Metro’s chief has until Oct. 19 to prepare a proposal and convince Amazon officials that building a second headquarters on transit-owned and adjacent property would benefit the 50,000 new employees.
“We have a fantastic system. We’re moving a million passengers a day in the total system,” General Manager Paul Wiedefeld said Thursday, Sept. 28. “Clearly we have one of the best systems in the country. That will be the pitch. I think we are a plus-plus in the proposal and we just have tremendous opportunities in the region.”
One requirement from the online giant based in Seattle stems from at least 100 acres of land available, or enough acreage to accommodate eight million square feet of office space by 2027. Metro doesn’t have that.
Officials with the second busiest transit agency nationwide can pitch how 15 sites are anchored by Metrorail and Metrobus lots, one of Amazon’s prerequisites.
Because the transit agency has property in D.C., Maryland and Virginia, the bid would be coordinated with officials from those respective jurisdictions.
The agency has financial concerns, such as the review of next year’s fiscal budget later this month.
Amazon officials labeled the project “Amazon HQ2” and have invested $5 million in construction. The proposal seeks to construct another site in regions with more than one million people.
According to the company’s request for proposal document, some of the other requirements are:
- A stable and business-friendly environment;
- Within 45 minutes of an international airport; and
- No more than two miles from a major highway.
Metro will face plenty of nationwide competition such as Cleveland Cavaliers owner Dan Gilbert announced last month he wants to entice the second Amazon operation in Detroit. According to various media report, the billionaire who founded Quicken Loans will work with officials across the river in Windsor, Canada.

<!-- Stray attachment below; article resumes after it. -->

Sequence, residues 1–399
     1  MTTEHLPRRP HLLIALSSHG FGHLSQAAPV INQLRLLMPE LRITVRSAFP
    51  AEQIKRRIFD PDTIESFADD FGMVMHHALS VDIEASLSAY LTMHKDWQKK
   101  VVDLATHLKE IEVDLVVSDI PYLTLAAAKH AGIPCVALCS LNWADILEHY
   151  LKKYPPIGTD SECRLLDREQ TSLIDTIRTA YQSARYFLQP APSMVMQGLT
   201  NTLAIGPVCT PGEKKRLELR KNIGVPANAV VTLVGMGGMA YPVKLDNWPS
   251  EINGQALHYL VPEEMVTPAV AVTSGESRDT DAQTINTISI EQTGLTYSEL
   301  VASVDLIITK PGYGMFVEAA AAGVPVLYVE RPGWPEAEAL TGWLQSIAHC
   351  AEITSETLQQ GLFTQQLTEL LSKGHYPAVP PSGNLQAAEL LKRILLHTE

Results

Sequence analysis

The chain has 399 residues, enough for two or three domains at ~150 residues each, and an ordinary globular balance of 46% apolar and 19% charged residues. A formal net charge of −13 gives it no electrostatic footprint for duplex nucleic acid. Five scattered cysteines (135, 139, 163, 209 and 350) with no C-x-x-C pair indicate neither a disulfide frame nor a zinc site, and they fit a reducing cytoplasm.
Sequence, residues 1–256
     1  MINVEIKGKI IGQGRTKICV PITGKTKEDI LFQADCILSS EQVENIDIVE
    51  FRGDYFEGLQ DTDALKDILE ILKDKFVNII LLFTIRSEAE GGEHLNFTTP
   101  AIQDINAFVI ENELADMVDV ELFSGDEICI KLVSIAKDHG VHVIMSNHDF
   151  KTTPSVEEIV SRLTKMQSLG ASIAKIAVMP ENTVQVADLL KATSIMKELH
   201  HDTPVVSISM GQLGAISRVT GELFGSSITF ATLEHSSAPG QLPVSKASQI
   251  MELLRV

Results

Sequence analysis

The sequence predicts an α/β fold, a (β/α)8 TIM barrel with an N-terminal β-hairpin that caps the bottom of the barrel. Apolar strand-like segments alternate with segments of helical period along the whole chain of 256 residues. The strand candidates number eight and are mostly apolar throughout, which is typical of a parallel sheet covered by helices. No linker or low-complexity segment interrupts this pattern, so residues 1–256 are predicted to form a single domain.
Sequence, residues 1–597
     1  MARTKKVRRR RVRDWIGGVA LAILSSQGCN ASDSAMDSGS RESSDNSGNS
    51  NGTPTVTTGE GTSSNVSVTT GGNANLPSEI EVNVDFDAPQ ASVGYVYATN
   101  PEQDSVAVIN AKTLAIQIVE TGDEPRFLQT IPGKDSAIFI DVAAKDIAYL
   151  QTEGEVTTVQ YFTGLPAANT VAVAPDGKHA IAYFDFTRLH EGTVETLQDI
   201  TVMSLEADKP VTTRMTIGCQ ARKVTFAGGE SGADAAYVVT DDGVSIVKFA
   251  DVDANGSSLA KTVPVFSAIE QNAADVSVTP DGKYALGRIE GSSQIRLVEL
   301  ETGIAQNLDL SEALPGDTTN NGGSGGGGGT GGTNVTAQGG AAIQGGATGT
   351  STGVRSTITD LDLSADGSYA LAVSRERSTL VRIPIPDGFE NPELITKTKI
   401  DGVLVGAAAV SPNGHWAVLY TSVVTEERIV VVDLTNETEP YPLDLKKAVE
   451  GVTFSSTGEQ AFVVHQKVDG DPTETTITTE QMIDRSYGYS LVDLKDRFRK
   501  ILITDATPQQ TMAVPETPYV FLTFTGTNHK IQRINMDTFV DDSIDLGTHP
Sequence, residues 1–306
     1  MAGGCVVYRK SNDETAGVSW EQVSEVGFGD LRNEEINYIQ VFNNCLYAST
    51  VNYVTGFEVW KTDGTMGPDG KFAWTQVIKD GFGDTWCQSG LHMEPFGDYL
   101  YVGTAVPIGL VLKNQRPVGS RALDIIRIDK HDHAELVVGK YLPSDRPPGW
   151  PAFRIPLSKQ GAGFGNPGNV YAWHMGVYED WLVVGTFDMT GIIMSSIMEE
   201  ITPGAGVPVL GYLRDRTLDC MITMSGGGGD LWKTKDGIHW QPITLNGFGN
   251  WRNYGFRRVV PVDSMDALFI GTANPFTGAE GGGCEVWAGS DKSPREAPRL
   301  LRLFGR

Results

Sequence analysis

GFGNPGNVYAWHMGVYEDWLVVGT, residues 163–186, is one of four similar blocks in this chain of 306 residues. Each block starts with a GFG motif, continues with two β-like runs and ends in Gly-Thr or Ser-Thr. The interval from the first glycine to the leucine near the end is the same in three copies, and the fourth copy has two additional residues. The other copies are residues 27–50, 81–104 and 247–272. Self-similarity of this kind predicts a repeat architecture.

Locally, officials in Prince George’s County are pushing for three sits in College Park, New Carrollton and Greenbelt to bring in Amazon.
Maryland Gov. Larry Hogan has said he supports a second headquarters to Port Covington in Baltimore.
The nonprofit research and public policy outfit Brookings Institute looked at which metropolitan areas would fit into Amazon’s second headquarters.
For instance, Houston and Dallas have the land, but less developed transit systems.
The District, Boston and New York City have transit systems that could accompany employees. However, associated with a high-cost living.
Meanwhile, Metro officials are optimistic about how Amazon would not only boost the agency, but the entire D.C. region.
“This is a unique opportunity for Metro to contribute to the Washington region’s efforts to secure the new Amazon HQ2 as well as recruit a new major employer at a Metro station,” stated a resolution approved by the board of directors Sept. 28. “Amazon HQ2 would be a significant contributor to Metro’s ridership and its overall financial sustainability.”
Wiedefeld would have to present a proposed site plan and get the board’s approval prior to submitting an application to Amazon.